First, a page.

Steamfitters UA Local 602 Mechanical Trades School recently expanded and renovated its training facilities. The union, which represents journeymen, apprentices and helpers working in the heating, air conditioning, refrigeration and process piping industries, sought equipment donations to outfit the school and help with its apprenticeship training mission.
The school, which has training centers in Landover, Md., and Springfield, Va., offers a five-year apprenticeship and trains a diverse group of more than 700 students ages 19 to 70.
Improving training spaces
When the Steamfitters UA Local 602 Mechanical Trades School needed equipment to use in its apprenticeship program, a major industrial and mechanical equipment distributor fulfilled the entire wish list through manufacturer donations.
The equipment, including a Marley NC cooling tower donated by SPX Cooling Technologies, enables the school to present students with a real-world environment. Instructors use the complete new cooling system to teach students how to troubleshoot and fix problems with HVAC systems.
Apprentices are assigned to a union contractor and jobsite, and generally work 40 hours per week. Classes range from soldering and brazing, health and safety, and drawing and blueprint reading to basic and advanced refrigeration and electricity.
Assistant Training Director James Balderson explains that the nonprofit school has a very small equipment budget, so he has to think creatively to beef up the equipment available for HVAC training. Balderson is the coordinator for the school’s HVAC department, and trains air conditioning, refrigeration and boiler technicians.
“Being able to expose our students to real equipment gives us a greater advantage compared to teaching out of a book,” Balderson says. “Classroom time is necessary, but we must reinforce it with hands-on training.”
Balderson notes that he and other instructors regularly ask vendors if they know anyone discarding equipment.
“If they are going to replace equipment and it’s still usable, we’ll arrange to come get it. Hands-on knowledge is the most important part of the steamfitter’s trade, so the ability to have access to real equipment to solve real-time problems is essential in the industry.”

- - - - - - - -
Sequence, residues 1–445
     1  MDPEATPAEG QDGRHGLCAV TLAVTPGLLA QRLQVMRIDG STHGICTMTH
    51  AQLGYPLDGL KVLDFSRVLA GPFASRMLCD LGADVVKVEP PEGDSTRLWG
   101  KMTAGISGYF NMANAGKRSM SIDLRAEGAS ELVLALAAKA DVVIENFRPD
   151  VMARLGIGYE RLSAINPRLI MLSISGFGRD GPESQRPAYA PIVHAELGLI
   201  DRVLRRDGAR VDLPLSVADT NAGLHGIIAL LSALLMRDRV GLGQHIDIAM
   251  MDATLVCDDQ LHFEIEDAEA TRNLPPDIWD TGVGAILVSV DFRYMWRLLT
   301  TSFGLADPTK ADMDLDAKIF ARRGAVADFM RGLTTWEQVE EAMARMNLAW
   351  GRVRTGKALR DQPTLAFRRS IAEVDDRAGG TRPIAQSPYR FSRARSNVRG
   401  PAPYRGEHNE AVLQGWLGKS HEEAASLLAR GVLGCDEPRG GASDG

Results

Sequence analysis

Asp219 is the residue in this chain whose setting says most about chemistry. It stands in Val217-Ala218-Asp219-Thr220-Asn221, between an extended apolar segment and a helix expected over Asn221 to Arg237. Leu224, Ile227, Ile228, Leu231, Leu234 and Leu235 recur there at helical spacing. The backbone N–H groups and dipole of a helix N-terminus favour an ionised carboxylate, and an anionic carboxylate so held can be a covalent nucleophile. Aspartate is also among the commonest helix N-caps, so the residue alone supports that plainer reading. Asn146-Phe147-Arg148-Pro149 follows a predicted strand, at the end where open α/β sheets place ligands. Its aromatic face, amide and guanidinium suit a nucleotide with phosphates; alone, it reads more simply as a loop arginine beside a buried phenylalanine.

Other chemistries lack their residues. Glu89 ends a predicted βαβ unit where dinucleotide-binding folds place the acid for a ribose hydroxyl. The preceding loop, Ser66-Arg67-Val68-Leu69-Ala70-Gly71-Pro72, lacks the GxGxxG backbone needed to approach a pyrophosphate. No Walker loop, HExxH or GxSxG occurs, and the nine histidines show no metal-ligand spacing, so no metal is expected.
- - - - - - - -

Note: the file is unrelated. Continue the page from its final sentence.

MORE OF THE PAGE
He developed a long equipment wish list, at the top of which was a cooling tower and a small boiler. Word got out about the school’s request, and Balderson was approached by Ryan Kern at Cummins-Wagner Co., an employee-owned industrial and mechanical equipment distributor headquartered in Annapolis Junction, Md.
Balderson knew Kern from his years working in the trade. Kern made the rounds to a variety of manufacturers to solicit equipment donations. Cummins-Wagner also supplied products from its inventory to include Bell & Gossett pumps and a Lochinvar FTXL boiler. In Christmas-in-July fashion, Kern was able to supply the school with all its wish list items.
SPX agreed to donate a factory-assembled single-cell crossflow Marley NC 8401 cooling tower. Originally constructed as a demonstration cooling tower for trade shows, the tower is typical of what students would see in the field every day, making it an excellent fit for the school.
“When I was in the field, the Marley brand was known as one of the superior cooling towers out there, so I was happy when I heard we had an opportunity to get one for our program,” Balderson says.
According to Kern, both Cummins-Wagner and SPX support the union and the trades, and were onboard with helping them meet their training needs.
“We are committed to the students’ education and are excited to get the equipment into the hands of the next generation of pipefitters and HVAC technicians,” Kern says.
Enabling hands-on training
The cooling tower is key to the students’ hands-on training. When it was delivered, the apprentices helped install the tower; it is now being used to cool one of the new classrooms.
The instructors also use the tower in conjunction with other pieces of HVAC equipment in the classroom. The availability of real operating equipment allows instructors to intentionally put “faults” in the system as it runs so they can train students to troubleshoot. When the system shuts down — for example, due to a pump that has stopped pumping water or a fan that is no longer pulling air through the heat exchanger — the apprentice is tasked with identifying the problem and fixing it.
“We could buy trainer units, but having the real thing is so much better,” Balderson says. “A working cooling system where I can place faults that HVAC technicians have to fix is the best way to train. They can process firsthand how important it is to properly maintain equipment and components, and how water treatment is critical to product lifecycle.
“Without these kinds of equipment donations, we could not provide the education we do,” he adds. “They help us educate our apprentices to a high level.”
This information was provided by SPX Cooling Technologies.